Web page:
Mesenchymal stromal cells (MSC) have attracted considerable interest in both the scientific and clinical fields because of their potential to regenerate tissues and support hematopoiesis. Although laboratory isolation of MSC is established, the lack of an MSC specific marker and their low frequency in bone marrow necessitates their in vitro expansion in order to obtain a sufficient cell number for applications. During this process their characteristics may be altered and cells may acquire oncogenic properties or abnormal proliferative capacity. We investigated the effect of in vitro expansion on MSC, isolated from BM of children with idiopathic thrombocytopenic purpura (ITP, n=10) and autoimmune neutropenia (AIN, n=6). MSC were maintained in culture for a number of serial passages (P1–P6). We studied the expression profile of tumor suppressor genes (p53, p16, Rb) and the oncogene (H-Ras) along with hTERT, involved in malignant transformation at different passages. The cell line HUVEC was used as normal control for adherent cells and the M5 as positive control for hTERT expression. P2-MSC and P6-MSC (n=9) were grown on soft agar to assess their anchorage dependence. P2-MSC showed normal, relative to GAPDH, expression of p53, p16, Rb and H-Ras (ITP: 0.37, 0.2, 0.53, 0.64 respectively and AIN: 0.41, 0.27, 0.62, 0.75 respectively) compared to HUVEC cells (0.5, 0.23, 0.73, 0.93, respectively) which remained stable upto P6 (ITP P2vsP6: p= 0.63, p= 0.63, p= 0.82, p=0.33, AIN P2vsP6: p= 0.85, p= 0.07, p= 0.14, p=0.07). In all samples, hTERT expression was undetectable both at P2 and P6, and moreover none of the samples showed anchorage independent growth. These findings suggest that expression profile of oncogenes and tumor suppressor genes does not change during in vitro expansion of MSC. Importantly, the similar transcript levels between MSC and HUVEC, the absence of hTERT expression and anchorage independent growth suggest that MSC may not be transformed for a number of passages. In conclusion, although in vivo models are required, such properties encourage MSC use in clinical practice and should be considered as candidates for therapeutic application.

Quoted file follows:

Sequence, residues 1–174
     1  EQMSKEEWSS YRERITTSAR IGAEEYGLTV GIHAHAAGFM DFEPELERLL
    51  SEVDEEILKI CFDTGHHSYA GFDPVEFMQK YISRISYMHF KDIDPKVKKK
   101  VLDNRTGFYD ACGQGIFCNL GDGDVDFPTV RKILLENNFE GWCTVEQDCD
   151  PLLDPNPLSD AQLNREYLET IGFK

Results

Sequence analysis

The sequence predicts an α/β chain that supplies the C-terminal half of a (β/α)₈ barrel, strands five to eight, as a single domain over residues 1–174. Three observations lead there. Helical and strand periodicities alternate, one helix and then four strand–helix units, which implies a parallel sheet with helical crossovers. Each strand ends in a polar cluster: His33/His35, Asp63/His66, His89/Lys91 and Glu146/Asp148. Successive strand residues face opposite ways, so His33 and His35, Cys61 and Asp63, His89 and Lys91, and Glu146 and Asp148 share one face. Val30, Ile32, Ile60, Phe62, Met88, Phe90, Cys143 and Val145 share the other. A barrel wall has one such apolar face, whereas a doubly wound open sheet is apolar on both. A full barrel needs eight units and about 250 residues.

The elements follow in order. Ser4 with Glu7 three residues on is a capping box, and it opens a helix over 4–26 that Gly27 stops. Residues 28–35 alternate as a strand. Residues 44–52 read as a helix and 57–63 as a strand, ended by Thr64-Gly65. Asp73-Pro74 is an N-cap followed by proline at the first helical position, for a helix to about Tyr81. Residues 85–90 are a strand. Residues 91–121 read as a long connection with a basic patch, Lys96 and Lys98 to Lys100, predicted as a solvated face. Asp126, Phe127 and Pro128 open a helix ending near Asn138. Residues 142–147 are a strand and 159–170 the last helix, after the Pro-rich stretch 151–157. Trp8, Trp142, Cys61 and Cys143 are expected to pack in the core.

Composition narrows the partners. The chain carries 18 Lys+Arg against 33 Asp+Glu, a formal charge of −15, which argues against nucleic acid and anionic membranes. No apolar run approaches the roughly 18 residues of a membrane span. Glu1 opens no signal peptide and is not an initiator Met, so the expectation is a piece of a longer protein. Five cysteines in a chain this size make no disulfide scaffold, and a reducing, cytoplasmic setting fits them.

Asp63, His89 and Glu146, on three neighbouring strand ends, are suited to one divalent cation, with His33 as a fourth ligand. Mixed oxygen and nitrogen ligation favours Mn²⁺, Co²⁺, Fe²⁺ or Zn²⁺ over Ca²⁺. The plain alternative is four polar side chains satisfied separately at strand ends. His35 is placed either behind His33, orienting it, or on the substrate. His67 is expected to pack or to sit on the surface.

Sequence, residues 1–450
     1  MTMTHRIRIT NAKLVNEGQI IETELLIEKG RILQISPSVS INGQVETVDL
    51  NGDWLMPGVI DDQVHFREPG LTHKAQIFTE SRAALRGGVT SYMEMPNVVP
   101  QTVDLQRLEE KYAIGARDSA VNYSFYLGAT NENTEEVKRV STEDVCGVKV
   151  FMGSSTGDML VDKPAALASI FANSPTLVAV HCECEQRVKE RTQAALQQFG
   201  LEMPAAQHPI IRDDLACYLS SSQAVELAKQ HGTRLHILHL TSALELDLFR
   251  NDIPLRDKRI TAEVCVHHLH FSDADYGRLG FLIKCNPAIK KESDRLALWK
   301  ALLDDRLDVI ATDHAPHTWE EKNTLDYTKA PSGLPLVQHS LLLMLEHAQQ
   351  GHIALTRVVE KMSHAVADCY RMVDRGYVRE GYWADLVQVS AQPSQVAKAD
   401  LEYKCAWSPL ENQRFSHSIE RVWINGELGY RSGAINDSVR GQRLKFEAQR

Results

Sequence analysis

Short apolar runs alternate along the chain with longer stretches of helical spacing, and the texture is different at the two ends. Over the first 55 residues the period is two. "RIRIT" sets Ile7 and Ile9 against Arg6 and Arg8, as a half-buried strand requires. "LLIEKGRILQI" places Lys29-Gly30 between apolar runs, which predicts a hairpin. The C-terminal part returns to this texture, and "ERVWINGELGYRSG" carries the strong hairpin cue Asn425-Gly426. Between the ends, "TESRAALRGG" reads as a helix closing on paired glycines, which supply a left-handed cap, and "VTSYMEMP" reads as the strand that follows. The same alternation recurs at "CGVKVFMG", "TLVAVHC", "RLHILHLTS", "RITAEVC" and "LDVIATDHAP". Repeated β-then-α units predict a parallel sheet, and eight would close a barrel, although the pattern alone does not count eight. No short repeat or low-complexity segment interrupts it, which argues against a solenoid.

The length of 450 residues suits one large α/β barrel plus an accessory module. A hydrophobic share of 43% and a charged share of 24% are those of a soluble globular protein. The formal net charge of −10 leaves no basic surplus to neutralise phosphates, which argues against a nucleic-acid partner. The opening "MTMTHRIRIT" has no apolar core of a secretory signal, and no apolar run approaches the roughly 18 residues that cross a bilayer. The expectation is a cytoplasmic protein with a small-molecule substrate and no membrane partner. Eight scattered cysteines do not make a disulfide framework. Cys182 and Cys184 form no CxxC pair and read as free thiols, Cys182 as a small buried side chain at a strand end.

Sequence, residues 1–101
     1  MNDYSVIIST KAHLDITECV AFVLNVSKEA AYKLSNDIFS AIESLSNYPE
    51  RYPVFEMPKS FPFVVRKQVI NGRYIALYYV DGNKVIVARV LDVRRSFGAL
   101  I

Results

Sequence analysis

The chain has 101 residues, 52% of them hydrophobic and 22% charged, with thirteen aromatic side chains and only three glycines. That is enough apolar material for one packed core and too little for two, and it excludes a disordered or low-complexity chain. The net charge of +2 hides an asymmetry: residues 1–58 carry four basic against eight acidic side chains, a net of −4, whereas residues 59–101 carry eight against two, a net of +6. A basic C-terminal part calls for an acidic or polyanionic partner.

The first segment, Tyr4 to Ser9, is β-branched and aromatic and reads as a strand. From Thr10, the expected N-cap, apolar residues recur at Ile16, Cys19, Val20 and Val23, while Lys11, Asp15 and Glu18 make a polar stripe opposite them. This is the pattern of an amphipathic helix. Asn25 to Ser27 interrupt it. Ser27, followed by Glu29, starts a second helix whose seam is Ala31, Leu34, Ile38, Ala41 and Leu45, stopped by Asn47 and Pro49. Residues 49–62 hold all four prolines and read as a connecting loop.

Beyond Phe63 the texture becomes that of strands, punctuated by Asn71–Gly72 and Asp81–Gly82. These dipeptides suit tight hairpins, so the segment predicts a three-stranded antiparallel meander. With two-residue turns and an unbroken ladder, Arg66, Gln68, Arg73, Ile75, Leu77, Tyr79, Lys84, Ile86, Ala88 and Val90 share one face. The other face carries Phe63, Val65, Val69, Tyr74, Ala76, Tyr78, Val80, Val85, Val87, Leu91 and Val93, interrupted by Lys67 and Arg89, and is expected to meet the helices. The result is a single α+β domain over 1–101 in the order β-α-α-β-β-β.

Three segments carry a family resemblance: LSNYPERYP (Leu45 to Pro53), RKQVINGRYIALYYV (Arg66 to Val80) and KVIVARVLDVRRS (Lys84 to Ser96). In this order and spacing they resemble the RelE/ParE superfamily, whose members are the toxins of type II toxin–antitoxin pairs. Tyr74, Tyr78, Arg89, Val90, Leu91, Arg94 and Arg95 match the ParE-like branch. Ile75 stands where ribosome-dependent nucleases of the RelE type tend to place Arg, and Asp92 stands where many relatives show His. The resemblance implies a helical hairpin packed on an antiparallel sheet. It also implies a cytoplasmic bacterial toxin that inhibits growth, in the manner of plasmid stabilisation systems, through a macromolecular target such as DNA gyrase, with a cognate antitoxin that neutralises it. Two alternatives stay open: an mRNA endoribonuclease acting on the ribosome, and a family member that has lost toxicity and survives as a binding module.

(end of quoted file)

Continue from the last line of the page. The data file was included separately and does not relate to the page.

Author notes

Disclosure: No relevant conflicts of interest to declare.